Soft Skills Development and Gender – An analysis of mental toughness at UK schools

Read the research report

The GSA girls in general have greater commitment, greater control – particularly emotional control – as well as greater confidence, both in terms of confidence in their abilities and their inter-personal confidence. [See table below / Table 3 in research paper]


Highly resilient Heads have ‘can do’ spirit

In a separate piece of research undertaken last week, GSA girls’ school headteachers took the adult version of the same Mental Toughness test which indicated that, as a group, they are highly resilient, with a level of Mental Toughness significantly higher than average. Seventy-six per cent of GSA headteachers took the test, which produced a mean total Mental Toughness score of 6.46, which is consistent with research on mental toughness profiles for senior leaders in other sectors. The Heads scored particularly highly – 7.31 – for Control which reflects a sense of self-worth commonly described as a ‘can do’ spirit’. [See GSA Heads table below].


Mental Toughness is a well-evidenced concept and personality trait which describes how we respond mentally to stress, pressure, opportunity and challenge. It can be developed, and research shows that it correlates with attainment, wellbeing, aspiration, and the ability to deal with change.

AQR’s meta-analysis also includes a study – by Dr. Dara Mojtahedi of Huddersfield University – which has explored the relationship between Mental Toughness and self-reported levels of depression, anxiety & stress during the Covid pandemic. This study indicates that, the more mentally tough a person is, the better able they are to deal with being anxious, stressed or depressed.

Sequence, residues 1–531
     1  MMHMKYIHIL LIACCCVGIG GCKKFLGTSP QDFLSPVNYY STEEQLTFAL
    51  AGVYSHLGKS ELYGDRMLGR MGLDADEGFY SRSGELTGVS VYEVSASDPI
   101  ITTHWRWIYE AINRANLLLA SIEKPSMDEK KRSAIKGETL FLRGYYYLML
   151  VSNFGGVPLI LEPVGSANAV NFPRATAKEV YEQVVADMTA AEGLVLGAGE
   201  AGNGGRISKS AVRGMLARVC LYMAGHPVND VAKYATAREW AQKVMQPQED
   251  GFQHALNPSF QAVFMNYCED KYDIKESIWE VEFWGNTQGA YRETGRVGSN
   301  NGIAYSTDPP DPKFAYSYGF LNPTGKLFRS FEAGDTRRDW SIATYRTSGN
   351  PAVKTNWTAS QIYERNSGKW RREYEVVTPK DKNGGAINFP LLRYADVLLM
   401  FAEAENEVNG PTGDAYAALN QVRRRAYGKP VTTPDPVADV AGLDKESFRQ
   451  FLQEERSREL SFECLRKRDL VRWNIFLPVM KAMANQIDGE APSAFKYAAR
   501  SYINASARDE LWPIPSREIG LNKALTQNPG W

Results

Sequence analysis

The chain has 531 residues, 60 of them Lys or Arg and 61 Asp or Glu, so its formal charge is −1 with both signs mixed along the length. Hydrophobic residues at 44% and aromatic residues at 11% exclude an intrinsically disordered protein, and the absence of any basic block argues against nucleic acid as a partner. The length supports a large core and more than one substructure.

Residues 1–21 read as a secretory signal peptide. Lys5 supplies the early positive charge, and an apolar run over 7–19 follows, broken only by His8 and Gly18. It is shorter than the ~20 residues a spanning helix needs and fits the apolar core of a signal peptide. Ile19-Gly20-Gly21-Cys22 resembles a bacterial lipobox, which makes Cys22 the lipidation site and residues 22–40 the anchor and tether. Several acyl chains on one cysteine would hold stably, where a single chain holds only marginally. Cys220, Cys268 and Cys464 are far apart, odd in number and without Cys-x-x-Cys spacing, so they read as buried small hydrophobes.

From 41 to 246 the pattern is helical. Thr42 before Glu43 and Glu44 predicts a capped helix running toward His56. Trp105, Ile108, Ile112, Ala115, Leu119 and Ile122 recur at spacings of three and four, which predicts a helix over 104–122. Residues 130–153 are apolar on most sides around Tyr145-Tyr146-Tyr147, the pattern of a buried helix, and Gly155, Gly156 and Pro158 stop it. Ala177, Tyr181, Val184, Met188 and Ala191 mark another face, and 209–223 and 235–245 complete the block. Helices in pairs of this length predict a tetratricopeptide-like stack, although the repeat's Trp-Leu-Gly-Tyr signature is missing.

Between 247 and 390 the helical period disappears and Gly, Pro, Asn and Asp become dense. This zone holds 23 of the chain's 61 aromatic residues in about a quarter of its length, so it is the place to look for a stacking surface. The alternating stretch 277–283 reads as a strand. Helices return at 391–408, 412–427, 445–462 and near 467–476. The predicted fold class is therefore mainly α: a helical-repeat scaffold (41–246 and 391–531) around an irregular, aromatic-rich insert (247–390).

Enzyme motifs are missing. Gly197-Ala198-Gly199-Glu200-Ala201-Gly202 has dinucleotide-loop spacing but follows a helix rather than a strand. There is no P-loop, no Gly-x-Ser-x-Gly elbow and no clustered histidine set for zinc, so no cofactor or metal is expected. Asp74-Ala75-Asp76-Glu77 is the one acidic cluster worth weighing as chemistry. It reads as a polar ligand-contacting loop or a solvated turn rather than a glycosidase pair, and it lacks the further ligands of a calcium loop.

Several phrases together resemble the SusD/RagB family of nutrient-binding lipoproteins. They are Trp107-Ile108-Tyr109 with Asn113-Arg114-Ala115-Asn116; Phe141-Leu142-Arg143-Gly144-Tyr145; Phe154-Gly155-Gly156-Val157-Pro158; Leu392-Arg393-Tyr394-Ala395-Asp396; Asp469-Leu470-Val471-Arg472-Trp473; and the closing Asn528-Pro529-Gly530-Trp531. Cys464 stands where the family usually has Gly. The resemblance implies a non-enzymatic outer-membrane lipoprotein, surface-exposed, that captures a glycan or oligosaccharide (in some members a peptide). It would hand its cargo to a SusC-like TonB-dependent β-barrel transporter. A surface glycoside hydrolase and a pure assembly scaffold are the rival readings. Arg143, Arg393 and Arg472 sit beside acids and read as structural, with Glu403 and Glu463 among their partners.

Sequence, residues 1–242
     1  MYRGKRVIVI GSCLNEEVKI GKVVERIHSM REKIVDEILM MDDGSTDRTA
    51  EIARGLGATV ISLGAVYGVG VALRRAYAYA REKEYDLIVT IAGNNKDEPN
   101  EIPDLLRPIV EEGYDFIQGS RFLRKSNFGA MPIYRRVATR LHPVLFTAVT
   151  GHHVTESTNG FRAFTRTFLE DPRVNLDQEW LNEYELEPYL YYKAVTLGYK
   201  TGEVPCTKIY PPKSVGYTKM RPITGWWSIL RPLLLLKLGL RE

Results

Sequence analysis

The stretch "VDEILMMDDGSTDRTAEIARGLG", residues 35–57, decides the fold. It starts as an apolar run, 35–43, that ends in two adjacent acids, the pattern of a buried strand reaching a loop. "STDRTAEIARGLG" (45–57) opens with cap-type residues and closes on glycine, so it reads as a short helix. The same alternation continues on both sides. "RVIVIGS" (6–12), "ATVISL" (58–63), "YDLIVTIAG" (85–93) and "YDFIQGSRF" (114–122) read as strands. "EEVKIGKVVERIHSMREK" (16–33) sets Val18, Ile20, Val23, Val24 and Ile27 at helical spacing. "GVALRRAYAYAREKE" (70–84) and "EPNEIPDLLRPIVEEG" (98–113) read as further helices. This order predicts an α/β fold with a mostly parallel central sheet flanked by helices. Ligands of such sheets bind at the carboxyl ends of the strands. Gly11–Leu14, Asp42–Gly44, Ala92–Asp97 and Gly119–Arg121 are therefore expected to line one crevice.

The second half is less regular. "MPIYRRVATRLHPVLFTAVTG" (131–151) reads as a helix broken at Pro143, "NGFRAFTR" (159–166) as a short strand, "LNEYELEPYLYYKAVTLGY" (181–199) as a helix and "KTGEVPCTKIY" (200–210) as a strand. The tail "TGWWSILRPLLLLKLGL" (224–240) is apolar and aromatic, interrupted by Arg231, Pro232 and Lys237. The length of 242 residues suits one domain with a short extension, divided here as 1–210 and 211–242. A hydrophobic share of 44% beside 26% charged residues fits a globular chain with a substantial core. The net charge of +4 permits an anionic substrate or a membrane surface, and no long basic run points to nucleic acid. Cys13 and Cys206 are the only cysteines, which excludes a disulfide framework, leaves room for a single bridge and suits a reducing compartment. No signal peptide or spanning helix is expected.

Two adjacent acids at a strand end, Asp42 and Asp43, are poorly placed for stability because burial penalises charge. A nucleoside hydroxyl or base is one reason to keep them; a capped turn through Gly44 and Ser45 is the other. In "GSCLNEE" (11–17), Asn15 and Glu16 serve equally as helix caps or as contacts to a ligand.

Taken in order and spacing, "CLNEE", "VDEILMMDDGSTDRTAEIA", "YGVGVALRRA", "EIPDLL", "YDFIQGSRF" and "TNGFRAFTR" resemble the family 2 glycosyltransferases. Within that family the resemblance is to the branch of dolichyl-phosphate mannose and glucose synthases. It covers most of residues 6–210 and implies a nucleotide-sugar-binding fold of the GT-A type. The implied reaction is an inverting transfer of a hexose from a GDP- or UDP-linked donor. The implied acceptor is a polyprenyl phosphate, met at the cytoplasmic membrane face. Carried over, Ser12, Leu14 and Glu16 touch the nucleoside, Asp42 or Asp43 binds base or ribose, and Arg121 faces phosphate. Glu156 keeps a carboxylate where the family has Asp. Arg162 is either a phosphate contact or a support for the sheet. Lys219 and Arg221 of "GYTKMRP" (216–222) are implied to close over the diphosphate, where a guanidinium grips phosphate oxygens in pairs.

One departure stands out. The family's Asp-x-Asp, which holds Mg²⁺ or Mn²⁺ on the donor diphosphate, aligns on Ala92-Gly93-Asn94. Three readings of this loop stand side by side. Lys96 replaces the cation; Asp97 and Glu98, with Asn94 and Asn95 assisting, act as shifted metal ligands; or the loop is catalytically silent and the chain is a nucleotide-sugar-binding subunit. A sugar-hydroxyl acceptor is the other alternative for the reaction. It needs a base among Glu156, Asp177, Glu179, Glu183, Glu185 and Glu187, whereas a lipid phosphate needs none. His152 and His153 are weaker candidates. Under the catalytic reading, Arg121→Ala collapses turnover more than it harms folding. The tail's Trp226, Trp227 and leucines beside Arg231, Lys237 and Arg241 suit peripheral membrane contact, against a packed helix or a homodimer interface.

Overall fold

AQR chief executive, Doug Strycharczyk, concludes:
“This has significant implications for much of the population, during and after the pandemic. It shows the importance of being aware of an individual’s and an organisation’s mental toughness. Differences in Mental Toughness may well have widened during the pandemic. Any government ‘catch-up’ scheme would do well to take this into account.”

Donna Stevens, chief executive of the Girls’ Schools Association, said:
This is a fascinating insight to the environmental impact of a single-sex school on girls’ confidence and emotional resilience and may well explain why girls in girls’ schools typically tend to do better academically, and are more likely to choose to study STEM subjects, than girls in coeducational schools. The level of resilience indicated in GSA Heads should inspire great confidence, in any parent, in their ability to lead their schools calmly and robustly through challenging times, as indeed we have seen during the pandemic.”






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